By: Jeff Dunlap, Media Relations Assistant
I have been thinking about it, and Road Trips are like an art form. They need vision, hard work, and a little bit of luck. It’s like Nolan Ryan throwing a no-no or maybe Van Gogh painting one of his famous pieces of work like “Café Terrace at Night” (my personal favorite). You may think I’m being a little ridiculous when I compare a road trip to these things or even a no-hitter to a famous painting, but the truth of it is, anything that is done above and beyond the expected or standard should be considered an art form. Hitting a perfect drive down the center of the fairway… art. Filling out tax forms to make sure you get that perfect, giant return… art. Writing a children’s book that the old or young alike can enjoy… art. Or I suppose I can use a better known phrase to describe it; art is in the eye of the beholder.
I recently took such a trip when I drove from Hickory, NC to Waukesha, WI and then back, all in four and a half days. That is roughly 1,656 miles. This particular road trip I took had a little bit of what I’m talking about. First, I planned. I knew I only had four days to enjoy before I had to be back before work, so I mapped out how I would get from point A to point B and back. Pretty basic stuff since these days all you need to do is throw it into a GPS, but nonetheless I did that and decided if I wanted to use any highways to go along with the freeways I would be taking. Another important thing to plan is food. And I’m not talking about stopping at a fast food place for a bite to eat. I’m talking snacks for the ride. You need three types of snacks for a long road trip.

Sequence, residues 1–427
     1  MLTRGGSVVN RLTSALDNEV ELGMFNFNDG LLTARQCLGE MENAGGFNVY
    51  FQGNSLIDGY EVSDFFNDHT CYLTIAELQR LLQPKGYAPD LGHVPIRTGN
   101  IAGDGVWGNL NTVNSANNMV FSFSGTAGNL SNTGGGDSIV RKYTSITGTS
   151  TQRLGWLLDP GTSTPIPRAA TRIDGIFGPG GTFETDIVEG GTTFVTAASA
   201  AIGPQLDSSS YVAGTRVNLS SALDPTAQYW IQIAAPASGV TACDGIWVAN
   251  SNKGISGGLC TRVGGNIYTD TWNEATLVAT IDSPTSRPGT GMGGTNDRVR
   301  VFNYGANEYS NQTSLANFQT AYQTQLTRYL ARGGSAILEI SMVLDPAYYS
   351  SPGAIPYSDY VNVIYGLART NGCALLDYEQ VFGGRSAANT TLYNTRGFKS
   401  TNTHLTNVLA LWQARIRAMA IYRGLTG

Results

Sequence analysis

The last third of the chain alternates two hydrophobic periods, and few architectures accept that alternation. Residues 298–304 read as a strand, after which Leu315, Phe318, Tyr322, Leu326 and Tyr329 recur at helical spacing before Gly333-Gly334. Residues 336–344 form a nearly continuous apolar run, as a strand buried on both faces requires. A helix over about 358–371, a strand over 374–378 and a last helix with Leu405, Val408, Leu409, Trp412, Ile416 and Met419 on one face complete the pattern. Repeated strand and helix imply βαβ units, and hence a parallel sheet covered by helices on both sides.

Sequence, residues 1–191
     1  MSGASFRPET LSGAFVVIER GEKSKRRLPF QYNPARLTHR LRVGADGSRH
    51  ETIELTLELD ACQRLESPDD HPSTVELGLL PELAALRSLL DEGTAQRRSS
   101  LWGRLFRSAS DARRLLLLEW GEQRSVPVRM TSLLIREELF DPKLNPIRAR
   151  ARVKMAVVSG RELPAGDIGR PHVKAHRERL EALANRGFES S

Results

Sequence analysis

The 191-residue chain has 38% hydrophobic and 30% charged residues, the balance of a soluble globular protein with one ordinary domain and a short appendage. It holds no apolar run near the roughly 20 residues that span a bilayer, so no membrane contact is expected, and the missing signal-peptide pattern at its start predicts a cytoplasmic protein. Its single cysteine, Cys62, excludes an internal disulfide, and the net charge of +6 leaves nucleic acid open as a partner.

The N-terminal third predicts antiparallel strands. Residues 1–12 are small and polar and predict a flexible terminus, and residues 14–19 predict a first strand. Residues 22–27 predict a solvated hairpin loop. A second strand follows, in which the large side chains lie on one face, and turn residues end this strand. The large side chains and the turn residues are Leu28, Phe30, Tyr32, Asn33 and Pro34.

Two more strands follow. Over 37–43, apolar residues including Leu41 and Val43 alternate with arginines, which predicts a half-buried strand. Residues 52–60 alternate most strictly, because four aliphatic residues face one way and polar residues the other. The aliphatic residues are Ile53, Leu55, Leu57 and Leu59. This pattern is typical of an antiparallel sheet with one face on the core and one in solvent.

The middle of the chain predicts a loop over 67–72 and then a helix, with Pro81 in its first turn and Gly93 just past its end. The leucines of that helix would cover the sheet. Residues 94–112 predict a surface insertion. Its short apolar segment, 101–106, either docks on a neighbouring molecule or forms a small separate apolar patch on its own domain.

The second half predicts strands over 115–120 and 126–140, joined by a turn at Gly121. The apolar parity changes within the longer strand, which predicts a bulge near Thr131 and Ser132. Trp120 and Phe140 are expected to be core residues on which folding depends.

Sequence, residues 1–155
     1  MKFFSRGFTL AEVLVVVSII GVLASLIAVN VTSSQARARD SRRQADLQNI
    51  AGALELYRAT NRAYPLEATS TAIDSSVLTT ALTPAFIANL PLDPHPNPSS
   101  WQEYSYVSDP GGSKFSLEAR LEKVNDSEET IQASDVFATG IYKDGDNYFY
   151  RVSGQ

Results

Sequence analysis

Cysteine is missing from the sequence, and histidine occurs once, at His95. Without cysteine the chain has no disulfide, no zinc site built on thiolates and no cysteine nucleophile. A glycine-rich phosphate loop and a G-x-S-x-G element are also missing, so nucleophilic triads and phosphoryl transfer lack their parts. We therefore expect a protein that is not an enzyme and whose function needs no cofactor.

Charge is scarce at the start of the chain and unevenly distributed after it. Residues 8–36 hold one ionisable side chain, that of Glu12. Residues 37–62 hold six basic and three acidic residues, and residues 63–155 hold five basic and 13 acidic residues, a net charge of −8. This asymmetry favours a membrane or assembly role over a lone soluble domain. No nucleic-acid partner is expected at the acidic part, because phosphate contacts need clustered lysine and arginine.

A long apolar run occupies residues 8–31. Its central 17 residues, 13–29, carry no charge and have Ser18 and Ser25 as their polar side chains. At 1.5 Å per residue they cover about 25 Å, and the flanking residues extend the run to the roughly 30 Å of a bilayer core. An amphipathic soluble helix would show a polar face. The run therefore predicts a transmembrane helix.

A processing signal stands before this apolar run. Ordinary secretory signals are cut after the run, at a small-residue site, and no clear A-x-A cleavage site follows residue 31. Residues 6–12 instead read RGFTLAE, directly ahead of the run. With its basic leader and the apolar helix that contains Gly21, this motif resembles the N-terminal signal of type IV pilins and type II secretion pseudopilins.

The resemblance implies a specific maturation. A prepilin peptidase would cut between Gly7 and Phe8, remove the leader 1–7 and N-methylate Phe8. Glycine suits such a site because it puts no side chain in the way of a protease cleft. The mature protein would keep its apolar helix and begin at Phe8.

Snack 1: Hearty or meaty snacks that can sometimes substitute for meals. These are things like beef jerky, cheese sticks, or maybe something like a lunchable. The importance of having these snacks is simple, sometimes the decision needs to be made to “power through” and stopping is just not in the cards. Thank you for staying open 24/7 McDonald’s, but I’ve got half a tank, some beef sticks, and only 2 more hours to go.
Snack 2: These are your drinks. Drinks can serve two main purposes of road trips. The first is simple; drinks are delicious and can keep you hydrated. The second purpose is to keep you awake. These are your coffees and energy drinks. Drinks are dangerous as well though. Drinking too much can make for unwanted pit stops to the john so you need to plan around that.
Snack 3: Nuts and anything crunchy. Crunchy snacks don’t necessarily stop your hunger, but they keep you busy and help pass the time. It’s the action of going back into the bag again and again that keeps you as active as you can be within the limits of your car. My personal favorite of these types of snacks… pistachios. Not only are they delicious, but they make you work for it. You have to take it out of the container, crack the shell, eat the nut, and then get rid of the shell. It’s a whole process.